On Monday, January 20th the U.S. markets decreased roughly 1% in value, and European and Asian indices were down by similar amounts the following day. The S&P 500, which as a reminder is regarded by most as the best metric of large company U.S. stocks, then fell 2.1% on Friday, Jan 24th. This combination was enough to cause pundits and investors to ask whether we are now in the early stages of a bear market.
We continue to believe that nobody really knows--not the Fed economists, not the fund managers and certainly not the market pundits. A Wall Street Journal article noted that most of the sellers on Friday were short-term investors who were involved in program trading, selling baskets of stocks to protect themselves from short-term losses. Roughly translated, that means that a bunch of professional traders panicked when they learned that Chinese economic growth is slowing down on top of worries that the Fed is buying bonds at a somewhat less furious rate ($75 billion a month vs. $85 billion) than it was last year. Furthermore, we often wonder how the Wall Street Journal could possibly know whether “most of the sellers” were short term investors.
We maintain that it is often a mistake to sell into market downturns; these corrections happen more frequently than most of us realize. A lot of people might be surprised to be reminded that in the Summer of 2011, the markets pulled back by almost 20%--twice the traditional definition of a market correction--only to come roaring back and reward patient investors. There were corrections in the Spring of 2010 (16%) and the Spring of 2012 (10%). Indeed, most investors seem to mistakenly look back at the time since March of 2009 as one long largely-uninterrupted bull market.
Bigger picture, since 1945, the market has experienced 27 corrections of 10% or more, and 12 bear markets where U.S. equities lost at least 20% of their value. The average decline was 13.3% over the course of 71 trading days. Perhaps the only statistic that really matters is that after every one of these pullbacks, the markets returned to record new highs.
We may get a full 10% correction or even a full bearish period out of these negative trading days, and we may not. But the history lesson suggests an important theme/trend: the people who lose money in the long term are not those who endure a painful market downturn. Rather, those people who panic and sell when the market turns down usually do not have the conviction to re-invest, and thus miss out on the ensuing rally.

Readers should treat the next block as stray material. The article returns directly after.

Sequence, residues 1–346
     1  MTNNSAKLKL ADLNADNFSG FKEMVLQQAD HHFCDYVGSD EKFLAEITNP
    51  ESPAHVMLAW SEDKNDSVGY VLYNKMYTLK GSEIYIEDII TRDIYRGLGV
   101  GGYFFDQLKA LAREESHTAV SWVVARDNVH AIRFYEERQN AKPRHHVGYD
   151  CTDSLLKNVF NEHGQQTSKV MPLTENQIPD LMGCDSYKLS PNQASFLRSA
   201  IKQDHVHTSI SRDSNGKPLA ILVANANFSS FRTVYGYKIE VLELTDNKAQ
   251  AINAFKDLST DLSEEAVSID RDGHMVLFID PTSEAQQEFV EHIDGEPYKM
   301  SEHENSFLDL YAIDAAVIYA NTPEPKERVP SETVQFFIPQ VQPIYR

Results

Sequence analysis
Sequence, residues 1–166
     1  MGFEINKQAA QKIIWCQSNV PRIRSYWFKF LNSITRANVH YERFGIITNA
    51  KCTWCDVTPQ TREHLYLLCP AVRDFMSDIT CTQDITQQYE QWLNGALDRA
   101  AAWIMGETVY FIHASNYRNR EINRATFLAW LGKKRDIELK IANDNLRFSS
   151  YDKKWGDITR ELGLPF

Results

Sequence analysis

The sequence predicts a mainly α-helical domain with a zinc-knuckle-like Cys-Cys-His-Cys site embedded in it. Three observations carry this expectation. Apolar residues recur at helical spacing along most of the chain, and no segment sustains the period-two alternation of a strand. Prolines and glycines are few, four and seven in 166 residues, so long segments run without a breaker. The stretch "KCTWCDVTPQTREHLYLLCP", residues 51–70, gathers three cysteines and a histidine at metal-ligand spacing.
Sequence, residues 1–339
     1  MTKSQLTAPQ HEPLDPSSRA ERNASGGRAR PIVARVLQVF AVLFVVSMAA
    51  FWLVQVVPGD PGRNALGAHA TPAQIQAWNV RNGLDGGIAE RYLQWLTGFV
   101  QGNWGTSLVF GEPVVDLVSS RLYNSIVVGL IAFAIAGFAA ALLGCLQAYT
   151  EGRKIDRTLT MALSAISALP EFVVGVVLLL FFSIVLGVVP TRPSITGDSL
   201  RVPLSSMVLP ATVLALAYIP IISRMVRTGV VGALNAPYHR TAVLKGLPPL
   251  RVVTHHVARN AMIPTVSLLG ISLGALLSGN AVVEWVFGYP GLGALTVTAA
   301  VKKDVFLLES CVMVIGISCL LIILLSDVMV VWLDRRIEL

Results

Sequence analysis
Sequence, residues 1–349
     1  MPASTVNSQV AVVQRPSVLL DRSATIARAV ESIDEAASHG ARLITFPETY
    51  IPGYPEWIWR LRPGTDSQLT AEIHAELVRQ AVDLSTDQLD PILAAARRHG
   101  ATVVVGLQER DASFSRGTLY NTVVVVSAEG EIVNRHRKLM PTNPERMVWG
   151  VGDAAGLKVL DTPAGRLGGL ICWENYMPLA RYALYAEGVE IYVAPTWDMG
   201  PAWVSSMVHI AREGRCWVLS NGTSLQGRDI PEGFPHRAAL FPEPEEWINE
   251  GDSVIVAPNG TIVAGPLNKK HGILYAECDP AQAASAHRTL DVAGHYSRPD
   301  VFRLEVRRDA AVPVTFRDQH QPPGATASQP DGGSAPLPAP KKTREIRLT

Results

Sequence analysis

Floating Rate U.S. Treasury Securities
Separately, the U.S. government does not often innovate and provide new investment opportunities. On Wednesday, the U.S. will offer people what they've been asking for: a government-guaranteed bond that will give them floating interest rates. "Floating" means that the two-year security's interest rate will reset every day, based on movements in short-term interest rates. This is the government’s response to the prevalent fear that interest rates are going to go up sharply, causing bond values to crash. If interest rates go up, the new Treasury security will pay higher interest, and the value will remain constant. Of course, if they go down, which is always possible, then the security will pay lower interest--but, the value will be the same.
These "floaters," as bond traders are calling them, will offer the same return, each day, as the daily return that an investor in three-month T-bills would have gotten on an annualized basis during the most recent Treasury auction. Essentially, that means that people who buy a 2-year floater will get a yield comparable to what bonds with much shorter maturities are paying their investors. This is not normally considered to be a great deal. Currently, 3-month Treasuries are offering a 0.07% annualized rate, compared with 0.39% for bonds with 2-year maturities. Plus, you get the guarantee that if rates go up, so will the rate on your bond.
Is the guarantee worth the rate tradeoff? It may be helpful to know that the U.S. government essentially controls its own bond rates, since the Federal Reserve is still the biggest bidder in the government auctions, and since the Fed also sets short-term rates in the marketplace when it declares the rates at the reserve window where banks can borrow and park their dollars. The government doesn't have a great incentive to cause Treasury rates to rise dramatically--and, therefore, raise its own borrowing costs--just like you wouldn't voluntarily let companies charge more interest on your credit card debt. You should also know that as economies become healthy and robust--which is one goal of all these Fed Quantitative Easing (QE) interventions we keep reading about--the yield curve typically steepens, which means interest rates rise for 10-30 year bonds, but not so much (if at all) for short-term maturities.
Add this up, and you have a formula where the economy might recover gradually, and the Fed might lose a bit of control over the longer-maturity rates, which would rise and potentially hurt investors holding longer-term government bonds. Meanwhile, shorter-term rates might rise little if at all, giving the government a chance to borrow from floater investors for two years and pay them 3-month rates.
As an extreme example, imagine if short-term rates were to double and 3-month T-bonds were to start paying 0.14%. You would still be much better off owning 2-year bonds paying 0.39%. In fact, you would be better off owning (and holding to maturity) 2-year bonds if short-term rates were to go up 500%, to 0.35% a year.
The government seems to have learned an interesting lesson from Wall Street: when people are fearful, sell them safety at a very high mark-up.
Posted on Mon, January 27, 2014
by Kimberly Pauley filed under